|Publication number||US4527370 A|
|Application number||US 06/366,834|
|Publication date||Jul 9, 1985|
|Filing date||Apr 8, 1982|
|Priority date||Apr 8, 1982|
|Publication number||06366834, 366834, US 4527370 A, US 4527370A, US-A-4527370, US4527370 A, US4527370A|
|Original Assignee||Heinz Schuette|
|Export Citation||BiBTeX, EndNote, RefMan|
|Patent Citations (12), Referenced by (31), Classifications (5), Legal Events (3)|
|External Links: USPTO, USPTO Assignment, Espacenet|
I. Field of the Invention
The present invention generally relates to modular buildings and, in particular, the present invention is concerned with modular buildings formed from injection molded panels having a sheet metal exterior. Even more particularly the present invention is concerned with modular buildings formed from injection molded insulating material covered along an outside surface with a sheet metal covering, and an interlocking joint formed by an extending edge of the sheet metal covering.
II. Description of the Prior Art
Modular buildings of the type consisting of factory built walls and panels shipped to the building site to be assembled thereon are known. Generally, this type of modular building is constructed of factory cut plywood and studs that is nailed or bolted together at the site of the building. Generally, these buildings are not insulated and if insulation is desired it must be purchased and installed by the building owner. The insulation is generally rolled fiberglass bats that provide no structural support and require clips or other devices to hold them in place. Modular buildings having metal panels that are factory made and shipped to the building site for assembly are also known. These also require the separate addition of insulation after the building has been constructed. Examples of modular buildings in the prior art are disclosed in the U.S. Pat. Nos. 3,324,831; and 3,865,425. These patents are relevant to the applicant's invention in that they represent the closest prior art for modular building construction.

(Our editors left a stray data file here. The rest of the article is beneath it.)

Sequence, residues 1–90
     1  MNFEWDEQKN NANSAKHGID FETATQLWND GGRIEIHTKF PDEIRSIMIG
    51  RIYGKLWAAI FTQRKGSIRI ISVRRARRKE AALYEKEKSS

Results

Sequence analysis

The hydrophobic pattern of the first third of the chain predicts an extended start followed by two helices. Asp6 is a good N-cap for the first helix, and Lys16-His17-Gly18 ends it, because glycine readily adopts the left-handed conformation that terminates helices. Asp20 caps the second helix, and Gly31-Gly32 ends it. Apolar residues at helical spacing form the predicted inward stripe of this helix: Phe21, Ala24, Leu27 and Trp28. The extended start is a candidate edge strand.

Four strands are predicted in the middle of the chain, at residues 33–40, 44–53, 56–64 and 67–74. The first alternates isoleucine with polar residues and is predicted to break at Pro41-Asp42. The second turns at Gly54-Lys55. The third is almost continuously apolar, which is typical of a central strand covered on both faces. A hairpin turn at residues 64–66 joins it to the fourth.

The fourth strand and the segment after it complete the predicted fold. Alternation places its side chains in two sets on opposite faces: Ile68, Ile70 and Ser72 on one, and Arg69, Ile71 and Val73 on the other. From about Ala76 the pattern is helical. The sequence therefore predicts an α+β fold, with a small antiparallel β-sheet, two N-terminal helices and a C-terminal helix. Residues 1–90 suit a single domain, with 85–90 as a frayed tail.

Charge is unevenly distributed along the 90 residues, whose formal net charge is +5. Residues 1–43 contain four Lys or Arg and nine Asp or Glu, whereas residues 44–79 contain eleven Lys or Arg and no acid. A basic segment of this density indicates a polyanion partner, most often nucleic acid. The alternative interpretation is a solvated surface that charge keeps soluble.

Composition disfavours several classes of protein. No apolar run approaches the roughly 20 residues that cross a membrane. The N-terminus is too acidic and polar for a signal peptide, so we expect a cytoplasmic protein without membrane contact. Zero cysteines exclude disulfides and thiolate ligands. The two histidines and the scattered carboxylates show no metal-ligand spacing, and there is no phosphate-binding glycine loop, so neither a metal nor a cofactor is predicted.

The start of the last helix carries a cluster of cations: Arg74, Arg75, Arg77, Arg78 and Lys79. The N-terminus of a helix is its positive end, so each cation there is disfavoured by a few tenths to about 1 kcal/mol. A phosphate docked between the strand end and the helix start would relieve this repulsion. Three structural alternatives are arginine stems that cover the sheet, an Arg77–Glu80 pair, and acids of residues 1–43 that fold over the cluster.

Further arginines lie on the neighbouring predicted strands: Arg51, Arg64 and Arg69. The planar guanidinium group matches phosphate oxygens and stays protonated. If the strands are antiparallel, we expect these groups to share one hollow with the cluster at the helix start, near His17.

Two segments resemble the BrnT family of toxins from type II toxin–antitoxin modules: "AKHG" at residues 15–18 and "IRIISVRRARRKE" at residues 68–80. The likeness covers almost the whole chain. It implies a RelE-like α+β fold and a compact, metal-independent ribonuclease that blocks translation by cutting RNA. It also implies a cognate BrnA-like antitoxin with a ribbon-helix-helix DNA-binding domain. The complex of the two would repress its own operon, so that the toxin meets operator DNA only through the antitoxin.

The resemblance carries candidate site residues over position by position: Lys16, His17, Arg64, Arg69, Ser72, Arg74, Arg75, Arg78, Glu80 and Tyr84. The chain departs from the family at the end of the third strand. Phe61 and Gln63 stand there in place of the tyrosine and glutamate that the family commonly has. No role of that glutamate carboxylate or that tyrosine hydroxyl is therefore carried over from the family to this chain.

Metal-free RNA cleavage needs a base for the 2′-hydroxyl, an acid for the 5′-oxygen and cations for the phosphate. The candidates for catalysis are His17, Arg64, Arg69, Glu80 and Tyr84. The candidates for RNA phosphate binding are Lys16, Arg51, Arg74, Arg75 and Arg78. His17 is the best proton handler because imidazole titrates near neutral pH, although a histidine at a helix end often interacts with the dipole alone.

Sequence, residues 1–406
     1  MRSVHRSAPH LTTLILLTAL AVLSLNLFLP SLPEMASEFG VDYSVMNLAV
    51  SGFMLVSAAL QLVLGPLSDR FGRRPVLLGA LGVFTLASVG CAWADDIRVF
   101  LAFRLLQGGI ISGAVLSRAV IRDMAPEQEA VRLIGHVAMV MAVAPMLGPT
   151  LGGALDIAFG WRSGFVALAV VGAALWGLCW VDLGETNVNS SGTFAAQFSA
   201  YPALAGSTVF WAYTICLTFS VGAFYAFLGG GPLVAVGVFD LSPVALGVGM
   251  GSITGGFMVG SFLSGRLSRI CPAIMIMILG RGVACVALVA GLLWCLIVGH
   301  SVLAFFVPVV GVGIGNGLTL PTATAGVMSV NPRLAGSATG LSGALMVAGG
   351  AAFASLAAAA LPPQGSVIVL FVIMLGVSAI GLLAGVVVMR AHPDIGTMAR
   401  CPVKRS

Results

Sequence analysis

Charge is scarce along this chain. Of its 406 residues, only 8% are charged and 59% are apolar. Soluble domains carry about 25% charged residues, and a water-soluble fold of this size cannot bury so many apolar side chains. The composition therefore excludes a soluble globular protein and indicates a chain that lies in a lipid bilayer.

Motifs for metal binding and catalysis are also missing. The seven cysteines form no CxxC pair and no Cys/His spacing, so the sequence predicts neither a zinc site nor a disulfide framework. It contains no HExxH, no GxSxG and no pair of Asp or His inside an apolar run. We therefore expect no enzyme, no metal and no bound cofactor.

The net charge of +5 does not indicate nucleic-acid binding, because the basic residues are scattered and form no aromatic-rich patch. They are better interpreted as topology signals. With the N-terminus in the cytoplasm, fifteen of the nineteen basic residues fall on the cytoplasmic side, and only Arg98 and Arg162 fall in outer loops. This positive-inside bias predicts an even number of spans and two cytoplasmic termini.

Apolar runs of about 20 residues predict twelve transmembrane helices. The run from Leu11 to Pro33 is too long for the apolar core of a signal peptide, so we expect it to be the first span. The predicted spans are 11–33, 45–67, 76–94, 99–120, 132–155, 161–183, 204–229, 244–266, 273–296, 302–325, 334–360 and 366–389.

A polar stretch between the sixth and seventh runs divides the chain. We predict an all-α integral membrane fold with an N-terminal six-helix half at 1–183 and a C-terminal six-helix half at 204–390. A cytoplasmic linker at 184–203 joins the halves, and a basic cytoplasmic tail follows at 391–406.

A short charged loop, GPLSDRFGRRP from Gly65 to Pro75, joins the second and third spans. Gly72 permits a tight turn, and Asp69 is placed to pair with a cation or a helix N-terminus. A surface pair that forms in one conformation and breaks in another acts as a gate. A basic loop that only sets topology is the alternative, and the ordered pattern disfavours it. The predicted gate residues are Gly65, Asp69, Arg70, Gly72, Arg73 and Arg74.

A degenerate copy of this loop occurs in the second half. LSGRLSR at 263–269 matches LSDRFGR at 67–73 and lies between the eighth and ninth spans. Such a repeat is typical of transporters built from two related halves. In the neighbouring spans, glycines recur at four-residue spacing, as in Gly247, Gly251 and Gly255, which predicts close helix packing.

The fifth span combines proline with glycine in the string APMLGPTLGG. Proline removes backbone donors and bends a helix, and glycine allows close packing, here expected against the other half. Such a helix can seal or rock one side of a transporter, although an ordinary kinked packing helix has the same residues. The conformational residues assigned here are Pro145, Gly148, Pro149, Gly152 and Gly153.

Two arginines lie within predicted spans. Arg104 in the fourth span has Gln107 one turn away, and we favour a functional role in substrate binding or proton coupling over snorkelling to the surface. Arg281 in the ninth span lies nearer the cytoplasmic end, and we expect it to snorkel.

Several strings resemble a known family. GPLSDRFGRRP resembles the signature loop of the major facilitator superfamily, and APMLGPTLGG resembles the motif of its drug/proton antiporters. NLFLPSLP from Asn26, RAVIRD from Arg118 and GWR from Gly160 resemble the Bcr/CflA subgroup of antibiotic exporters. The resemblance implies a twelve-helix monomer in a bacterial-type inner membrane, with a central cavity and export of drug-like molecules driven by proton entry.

III. Prior Art Statement
The aforementioned prior art, in the opinion of the applicant and the applicant's attorney represents the closest prior art of which the applicant and his attorney are aware. None of the aforementioned patents disclosed a modular building constructed of panels formed from insulating material having a metal surface overlaying the exterior with an extending end of the sheeting formed into a joint for assembly to a cooperating adjacent panel.
The present invention, which will be described in greater detail hereinafter comprises a modular building having walls and roof panels formed from a rigid insulating material such as polyurethane foam. The exterior of the panels are covered with a durable decorative metallic skin such as aluminum which is roll formed or stamped in a press and given a surface appearance to resemble lapped siding for wall panels or a shingled texture for roof panels. Edges of the sheet metal exterior extend past the insulating panels a distance and are roll formed into an interlocking joint which allows the panel to be assembled to a co-operating adjacent panel forming and integral structure.
It is therefore an object of the present invention to provide a new and improved modular building.
It is a further object of the present invention to provide a modular building formed from insulating panels.
It is yet another object of the present invention to provide a modular building formed from insulating panels which have an exterior covered with decorative and durable metal sheeting.
It is a further object of the present invention to provide a modular building having panels with a metal exterior wherein edges of the metal covering are formed into an interlocking joint.
It is yet a further object of the present invention to provide a modular building formed from insulating panels with a metal exterior, with the exterior formed to resemble lapped siding.